Shorts are in one, and shirts another.  Goldi has a few extra containers for belts and odds and ends.  On top are baskets I already had used for extra play t-shirts.

My New Sock Match Solution (I hope it’s a solution–my how I do hope):

We usually have a laundry basket below the dryer that I just throw all mis-matched socks in. Five people with dress, athletic, and colored socks, that became a huge grief after one month or so of no matches.

So, I took those Upward mesh bags we get Upward uniforms in and hung them by sticky-hooks on the side of the unit–one per person. Now, when a sock comes out, I can look only at that person’s stray socks and match them quickly.  It’s working well so far.

I don’t like all our mismatched hangers, but we still need a bunch of different sizes, so I just threw them all in this basket by the dryer, also a great solution for me.

There’s the needed trash can for dryer fuzz and melted crayons and such.


Ah, it look so much better I had to take a picture in case it didn’t last.  This is week 3-4, so I’m thrilled that it’s lasting!  This closet was SO overflowing you couldn’t get the door shut.

I got rid of a TON of stuff, and used these plastic bins for storage.  Before, I’d turned them on their side to stack clothes.  I may have to do that again for jeans and sweaters in the fall-winter.

I try to buy all my plastic storage white so that it mixes and matches as needed through the house as storage needs change.

The botton of the closet:

The closet is deep enough for the baskets–glory!

I sort of wish I had a before picture, but whew…I don’t think I do.  If I find one, I’ll post it.

I keep closet I don’t want them wearing anywhere but home in baskets in here for now…for four-wheeling or whatever.


These were here when we bought the house, but they were an old looking plywood, dark-stain with brassy hinges and wooden, undecorated knobs.

Just a sanding, coat of oil-based paint, new hinges and knobs.  I did it myself  with The Hub’s electric screwdriver thingy (the kids held them in place for me).

It took about four afternoons.  I didn’t plan on tackling this project this summer, but after we got the organizing unit in, it made me want to work on other things in the room.

Hat-robe-jacket rack and pull down ironing board on the closet door (as if I iron).

Laundry sorter, on wheels.  I can roll it to the washer and dump stuff in quickly,  assuming the floor is clean.  Lately, it has been, and I’m likin’ it.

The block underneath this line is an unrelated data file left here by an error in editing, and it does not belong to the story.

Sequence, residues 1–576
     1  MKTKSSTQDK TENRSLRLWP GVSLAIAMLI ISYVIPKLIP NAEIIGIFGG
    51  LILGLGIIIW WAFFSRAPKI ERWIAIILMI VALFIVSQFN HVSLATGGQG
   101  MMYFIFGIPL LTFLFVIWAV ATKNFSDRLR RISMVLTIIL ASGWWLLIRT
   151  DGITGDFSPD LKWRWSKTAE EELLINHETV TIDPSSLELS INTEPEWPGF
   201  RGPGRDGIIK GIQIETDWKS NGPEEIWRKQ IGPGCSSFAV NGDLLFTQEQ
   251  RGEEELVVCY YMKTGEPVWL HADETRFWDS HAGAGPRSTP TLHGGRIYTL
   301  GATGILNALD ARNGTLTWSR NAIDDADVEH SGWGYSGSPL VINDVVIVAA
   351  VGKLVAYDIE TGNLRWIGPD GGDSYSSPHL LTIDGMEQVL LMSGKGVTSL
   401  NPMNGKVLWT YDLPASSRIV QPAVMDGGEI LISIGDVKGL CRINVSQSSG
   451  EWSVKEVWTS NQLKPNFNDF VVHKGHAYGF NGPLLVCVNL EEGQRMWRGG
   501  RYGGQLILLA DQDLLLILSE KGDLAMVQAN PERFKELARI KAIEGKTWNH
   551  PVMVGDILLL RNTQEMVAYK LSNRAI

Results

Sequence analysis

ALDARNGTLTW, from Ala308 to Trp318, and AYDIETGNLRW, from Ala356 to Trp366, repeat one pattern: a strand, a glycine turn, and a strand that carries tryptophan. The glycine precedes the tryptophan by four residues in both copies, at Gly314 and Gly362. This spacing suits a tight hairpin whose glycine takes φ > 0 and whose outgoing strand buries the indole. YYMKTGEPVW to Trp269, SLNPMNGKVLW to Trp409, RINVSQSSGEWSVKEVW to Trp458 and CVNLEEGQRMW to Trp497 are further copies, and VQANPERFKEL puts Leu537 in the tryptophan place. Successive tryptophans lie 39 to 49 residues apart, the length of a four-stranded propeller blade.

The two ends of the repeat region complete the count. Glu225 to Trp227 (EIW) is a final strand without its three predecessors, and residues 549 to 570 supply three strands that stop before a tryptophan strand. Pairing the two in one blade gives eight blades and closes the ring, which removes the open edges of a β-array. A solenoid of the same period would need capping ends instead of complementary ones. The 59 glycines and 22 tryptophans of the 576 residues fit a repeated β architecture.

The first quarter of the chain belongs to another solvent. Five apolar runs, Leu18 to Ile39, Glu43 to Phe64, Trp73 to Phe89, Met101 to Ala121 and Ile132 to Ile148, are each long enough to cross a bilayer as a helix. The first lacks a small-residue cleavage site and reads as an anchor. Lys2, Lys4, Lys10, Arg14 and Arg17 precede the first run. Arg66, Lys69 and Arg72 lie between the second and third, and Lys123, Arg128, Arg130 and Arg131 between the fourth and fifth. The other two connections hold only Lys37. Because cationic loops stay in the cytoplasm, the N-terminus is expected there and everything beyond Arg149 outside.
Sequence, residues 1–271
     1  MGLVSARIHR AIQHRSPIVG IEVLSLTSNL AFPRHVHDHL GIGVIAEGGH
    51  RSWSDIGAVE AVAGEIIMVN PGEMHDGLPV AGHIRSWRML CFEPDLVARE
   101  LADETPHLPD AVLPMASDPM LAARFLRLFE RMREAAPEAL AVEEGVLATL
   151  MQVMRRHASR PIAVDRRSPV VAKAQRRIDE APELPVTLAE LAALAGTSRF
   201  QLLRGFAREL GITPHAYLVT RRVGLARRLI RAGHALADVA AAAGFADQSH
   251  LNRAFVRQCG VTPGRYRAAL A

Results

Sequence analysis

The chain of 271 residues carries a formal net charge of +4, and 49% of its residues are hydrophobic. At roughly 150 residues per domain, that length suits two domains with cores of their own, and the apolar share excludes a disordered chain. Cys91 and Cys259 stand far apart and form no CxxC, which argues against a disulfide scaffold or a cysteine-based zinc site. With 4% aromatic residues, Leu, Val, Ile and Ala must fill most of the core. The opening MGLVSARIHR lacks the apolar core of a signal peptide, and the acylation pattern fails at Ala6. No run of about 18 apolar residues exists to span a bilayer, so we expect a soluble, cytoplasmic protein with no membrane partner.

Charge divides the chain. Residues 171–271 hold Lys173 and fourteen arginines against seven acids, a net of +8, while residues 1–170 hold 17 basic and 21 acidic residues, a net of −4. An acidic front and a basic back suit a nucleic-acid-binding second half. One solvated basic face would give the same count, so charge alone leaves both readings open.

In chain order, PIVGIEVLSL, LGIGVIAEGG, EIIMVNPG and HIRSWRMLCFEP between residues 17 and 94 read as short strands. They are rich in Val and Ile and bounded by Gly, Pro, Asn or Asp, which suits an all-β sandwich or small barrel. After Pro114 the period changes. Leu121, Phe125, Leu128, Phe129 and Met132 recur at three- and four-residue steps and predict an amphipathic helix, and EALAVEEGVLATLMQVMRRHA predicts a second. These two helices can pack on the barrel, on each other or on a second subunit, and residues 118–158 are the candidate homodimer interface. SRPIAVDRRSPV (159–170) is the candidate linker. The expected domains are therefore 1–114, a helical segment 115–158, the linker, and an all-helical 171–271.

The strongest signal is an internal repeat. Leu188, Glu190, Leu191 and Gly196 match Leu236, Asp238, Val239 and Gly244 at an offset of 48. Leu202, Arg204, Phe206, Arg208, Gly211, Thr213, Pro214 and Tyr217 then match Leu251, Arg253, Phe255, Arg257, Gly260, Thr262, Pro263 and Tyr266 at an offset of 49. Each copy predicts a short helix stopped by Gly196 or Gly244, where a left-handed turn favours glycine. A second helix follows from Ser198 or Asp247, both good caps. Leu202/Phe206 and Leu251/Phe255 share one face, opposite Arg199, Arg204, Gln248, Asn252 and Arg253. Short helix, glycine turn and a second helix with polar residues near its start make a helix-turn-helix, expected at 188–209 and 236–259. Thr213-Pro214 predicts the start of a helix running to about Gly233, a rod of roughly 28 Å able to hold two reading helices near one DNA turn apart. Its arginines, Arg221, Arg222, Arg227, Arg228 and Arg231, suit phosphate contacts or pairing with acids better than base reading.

The half chair is a consignment find so I can sit, fold, and roll to put them away as I’m folding.  We’re at whole new levels of laundry here, baby. For $2, if I can feel efficient and high tech?  Yeah, it’s grand to me.

THE DRESSER: mine when I was a girl.  I just applied some very fine sandpaper to the bright knobs so they’d match the stainless steel knobs better.  It hosts my kid’s sleepwear.  I plan to add a knob to the work sink to match, just because it’s only $3.00 and I can.  It’s dirty because we are still painting stuff.

I painted all the trim in the room white…it was like an antique cream before. It brightened the room a lot.

I also painted the natural wood door and trim on the sink white.

Took down linty curtains…aah.  The tree is a great view, and I can see the kids in the pool with no curtains, so I’ll likely leave them off.  There are mini-blinds for night.

The left of the room

The right of the room.

I use those blue bins on top of the hanger rack to thrown in outgrown stuff, or the next season’s stuff.

I moved all the boy’s hanging hurch shirts to another closet–I only hang clothes there as I’m folding now.  You can see into this room from outside, especially the hanging rack, so it looks a lot better clean.

I keep thinking that I’d like to find a prettier way to store all the detergent since you see it when you walk in the door, but, it’s awfully handy there on a shelf.

UPDATE:  I found another old basket laying around here.  I looked at it again and realized some bottles were extra detergent and dry-cleaning stuff, so I think this will work.  Looks better to me, if I don’t know off that pine cone thing.

This is behind the door.  I wish I could say that I was pleasantly surprised to find that this contraption worked, but things fall off of it pretty regularly.  It works just enough of the time that I leave it.  The rest of the time, it scares everyone when things fall. I would also like to say I was fixing this problem, but the inspiration to do so has not yet occurred.

On the dresser:

I can grab this quickly from the kitchen for fast entertainment or quick clean-up.  I like having it looking neat and fun.

Okay, so that’s all the laundry room stuff.


  • Sunglasses for bright days to school.
  • Kleenexes for morning sneezes.
  • A pen for signing papers they forgot to give you.
  • Snacks on special days or days.  If they waited outside on a hot day cold popsicles are fun.  (Bring paper towels).